3 News political editor says the situation will not be comfortable for the John Key-led Government.
"You've got that strange, and almost unsustainable relationship where you've got the dumped leader here inside Parliament, coming to Parliament every day, making statements, still attached to the John Key Government, and you've got Don Brash outside, making all sorts of similar comments as well."
Mr Garner says ACT will pick up some votes from National as a result of the leadership change.
BRASH VS THE GOVERNMENT
Dr Brash has taken a strong stand against the National Government in recent days, despite acknowledging ACT has no other potential coalition partners.
"I've been increasingly worried, over a number of months quite frankly, about where the country is going," he told Firstline's Rachel Smalley this morning.
"The Government's spending money, borrowing $300 million a week – that worries me greatly.
"The Government pledged to narrow the income gap between New Zealand and Australia – there's been no progress on that at all.
"They went into the election, indeed the last three elections, pledging one for all New Zealanders – and frankly we're not delivering that either.
"The ACT Party pledged to provide confidence and supply to the National Party through to the next election, and I wouldn't see that changing at all… but we will certainly be campaigning on issues that are vital to the country's future," said Dr Brash.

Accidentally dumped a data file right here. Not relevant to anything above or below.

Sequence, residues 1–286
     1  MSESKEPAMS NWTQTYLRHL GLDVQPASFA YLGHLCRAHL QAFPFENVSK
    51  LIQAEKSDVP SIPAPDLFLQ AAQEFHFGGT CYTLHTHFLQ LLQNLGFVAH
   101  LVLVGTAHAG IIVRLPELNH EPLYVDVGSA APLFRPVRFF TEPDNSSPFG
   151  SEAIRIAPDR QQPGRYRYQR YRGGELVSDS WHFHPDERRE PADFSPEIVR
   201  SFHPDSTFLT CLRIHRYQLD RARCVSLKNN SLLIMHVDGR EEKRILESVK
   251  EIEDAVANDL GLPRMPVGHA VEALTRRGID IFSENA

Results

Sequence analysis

Prime Minister John Key has thus far refused to speculate on the situation, although he said yesterday he could not see any reason why Mr Hide would not be able to keep his ministerial roles if Dr Brash took over as leader.
United Future's Peter Dunne says the takeover will "horrify 19 out of 20" Kiwis.
"National will lead the next government," says Mr Dunne. "Labour is in meltdown and out of the game. There is only one question now – which party do New Zealanders want to be influence that government – Don Brash’s ACT driving them to the far right, the Maori Party pushing them to activism and race-based laws, or United Future keeping National anchored in the centre?”
Labour leader Phil Goff called a Key/Brash coalition an "extreme team" that will "hurt mainstream New Zealand".
"John Key has described Don Brash as an extremist. But he has also made it very clear that he is prepared to work with his former boss in a future Government. That would be a disaster for our country.
"We know what Don Brash stands for. He wants to slash the minimum wage by $100 a week – putting more New Zealanders into poverty. Superannuation would also be on his hit list.
"Don Brash wants savage cuts to Government spending, including health and education. Working for Families and interest-free student loans would be gone and there would be a wholesale sell-off of our valuable community-owned state assets.
"This is what Kiwis could expect under a Government led by John Key and Don Brash."
He says Labour will fight "tooth and nail" against the two parties.